For me, the primary takeaway from the experiences of this past year is this: Within GCI, our amazing Triune God has been preparing and calling leaders for a time such as this. I have high hopes for how our new structure will function. I truly believe that our best days lie ahead.

Holy Spirit, we will have more please!
Greg Williams, GCI President


PS: I hope you enjoy the new look for GCI Update. The changes we’ve made align this publication with the GCI branding now being used for all our denominational websites and publications. Also, we’re now sending the GCI Update email (that announces each new issue) to all GCI members for whom we have an email address. If you have not received the email announcing this issue, you can subscribe yourself using the “subscribe yourself” feature at right.

“We Believe” study completed

The pastoral team of GCI’s congregation in Santa Rosa, Laguna, Philippines, led by Pastor Len Joson, recently finished its study of “We Believe“—a GCI teaching tool that addresses core doctrine and theology.

The group (pictured above) studied “We Believe” over a period of several months. Here are comments from several participants:

  • In our study of “We Believe,” done bit by bit every meeting, we had frank and open discussions that led to clarity about our denomination’s theological positions on fundamental biblical issues.
  • We not only achieved clarity in this study, but more than that, we were able to achieve a greater level of understanding in personal relationship with each other.
  • I strongly recommend “We Believe” to our congregations and encourage our pastors to try this with their leaders and members. It has helped me in my Christian walk, in the ministry and in dealing with other people in many ways.
  • Thank you to the authors whom God used to write this teaching tool. All praises to God in the highest!

Spiritual formation seminar

In October, GCI’s Champlin and Bloomington, MN, congregations hosted day-long seminars titled “Emotionally Healthy Spirituality—Journey to Maturity.” Both Odyssey in Christ seminars were facilitated by Larry Hinkle, Gracie Johnson, and Ron and Rebecca Hickman. The seminars helped participants understand the connection between emotional health and spiritual maturity; the symptoms of emotionally unhealthy spirituality; the nature of our true selves, hidden in Christ; and how contemplative practices lead to emotionally healthy spirituality.

Odyssey in Christ leader Larry Hinkle addresses the Champlin group.

Here are comments from seminar participants:

  • The seminar opened the way for a closer walk with God.
  • I learned how God’s love is working in peoples’ lives.
  • I learned to take time for inner contemplation—reflecting on inner stress, motivation and the richness of deep feelings.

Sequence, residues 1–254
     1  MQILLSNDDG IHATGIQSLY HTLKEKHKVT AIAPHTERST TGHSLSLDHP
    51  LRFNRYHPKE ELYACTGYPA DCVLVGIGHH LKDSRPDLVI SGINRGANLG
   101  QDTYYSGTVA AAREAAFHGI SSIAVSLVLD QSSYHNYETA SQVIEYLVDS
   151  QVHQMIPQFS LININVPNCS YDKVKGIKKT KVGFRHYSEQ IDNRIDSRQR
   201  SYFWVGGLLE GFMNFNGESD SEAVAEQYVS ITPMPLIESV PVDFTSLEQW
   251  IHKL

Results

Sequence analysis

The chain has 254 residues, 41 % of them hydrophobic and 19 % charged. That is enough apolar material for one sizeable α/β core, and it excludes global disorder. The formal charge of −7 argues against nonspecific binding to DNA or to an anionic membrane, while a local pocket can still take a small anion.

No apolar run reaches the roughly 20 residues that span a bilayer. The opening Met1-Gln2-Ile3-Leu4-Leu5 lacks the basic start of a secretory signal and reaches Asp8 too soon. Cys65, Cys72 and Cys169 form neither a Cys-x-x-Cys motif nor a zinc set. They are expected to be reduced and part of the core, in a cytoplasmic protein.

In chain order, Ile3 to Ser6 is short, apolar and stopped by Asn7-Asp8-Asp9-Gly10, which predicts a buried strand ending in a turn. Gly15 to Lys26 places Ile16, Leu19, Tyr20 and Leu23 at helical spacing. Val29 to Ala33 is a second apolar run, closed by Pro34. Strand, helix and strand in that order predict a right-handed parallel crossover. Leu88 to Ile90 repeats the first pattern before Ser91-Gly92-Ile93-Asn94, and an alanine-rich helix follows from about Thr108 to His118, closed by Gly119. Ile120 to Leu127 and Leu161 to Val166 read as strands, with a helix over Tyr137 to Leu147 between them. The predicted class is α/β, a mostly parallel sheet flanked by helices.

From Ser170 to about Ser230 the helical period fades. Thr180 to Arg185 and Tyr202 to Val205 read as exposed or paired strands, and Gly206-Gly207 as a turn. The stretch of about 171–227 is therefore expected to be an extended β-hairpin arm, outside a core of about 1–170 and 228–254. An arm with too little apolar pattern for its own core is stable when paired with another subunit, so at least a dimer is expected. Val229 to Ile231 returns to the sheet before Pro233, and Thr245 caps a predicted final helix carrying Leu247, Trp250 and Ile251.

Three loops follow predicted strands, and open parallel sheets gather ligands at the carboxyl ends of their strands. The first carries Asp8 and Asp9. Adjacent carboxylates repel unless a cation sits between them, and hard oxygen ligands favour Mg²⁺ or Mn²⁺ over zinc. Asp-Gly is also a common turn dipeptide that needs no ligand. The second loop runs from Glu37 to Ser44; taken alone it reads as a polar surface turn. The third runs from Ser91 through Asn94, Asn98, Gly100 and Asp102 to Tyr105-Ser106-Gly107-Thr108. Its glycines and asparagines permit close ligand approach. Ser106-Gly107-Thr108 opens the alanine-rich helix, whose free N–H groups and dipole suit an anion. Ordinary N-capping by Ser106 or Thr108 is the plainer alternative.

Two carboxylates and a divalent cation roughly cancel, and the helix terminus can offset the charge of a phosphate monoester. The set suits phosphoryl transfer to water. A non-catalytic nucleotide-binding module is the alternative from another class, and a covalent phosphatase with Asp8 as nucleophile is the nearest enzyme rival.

• I learned to be honest/vulnerable with God—knowing who I am by drawing closer to God. I was overwhelmed by his presence and love. The seminar awakened a desire to be intimate with God.
  • Dr. Hinkle said we were created in such a way that often our bodies (through feelings/emotions) know something before our minds do. He urged us to not ignore these feelings/emotions and take them to the Lord in prayer. He will reveal the source of those feelings (whether negative or positive, recent or buried deep in the past) and bring about transformation and healing. Personal stories from Gracie Johnson, and Ron and Rebecca Hickman showed how this unfolds.
  • The seminar provided eye-opening insights into past wounds that trigger negative behaviors and hinder growth in emotional maturity. We were challenged to identify feelings that have been stuffed and festering, and given tools to bring those feelings into the light of Jesus’ love so that healing can begin.

Nothing new under the sun

By Greg Williams, GCI President

What has been will be again,
what has been done will be done again;
there is nothing new under the sun.

Though some of life’s experiences seem unique at the time, as King Solomon tells us in Ecclesiastes 1:9, most of our experiences are shared by others in one way or another. Mike Rasmussen and I were recently reminded of this truth while in Minneapolis at a denominational executive’s meeting hosted by Leith Anderson, president of the National Association of Evangelicals. As the assembled group shared personal experiences and prayer requests, Mike and I had several Déjà Vu moments. Though in GCI we’ve experienced a particular journey, we learned that other denominations have gone through similar experiences.

One brother told of the ongoing arguments within his denomination concerning open theism—the idea that, because God loves us and desires that we freely choose to reciprocate his love, he has made his knowledge of and plans for the future conditional upon our actions. According to this viewpoint, though omniscient, God does not know what we will freely do in the future. The brother noted that because churches within his fellowship hold differing viewpoints on this issue, the storm clouds are gathering in anticipation of a forthcoming meeting to address the controversy. We were told that lawyers will be present at the meeting since a division of property and money may result. In GCI, we know quite a bit about doctrinal-theological division and the painful losses that result.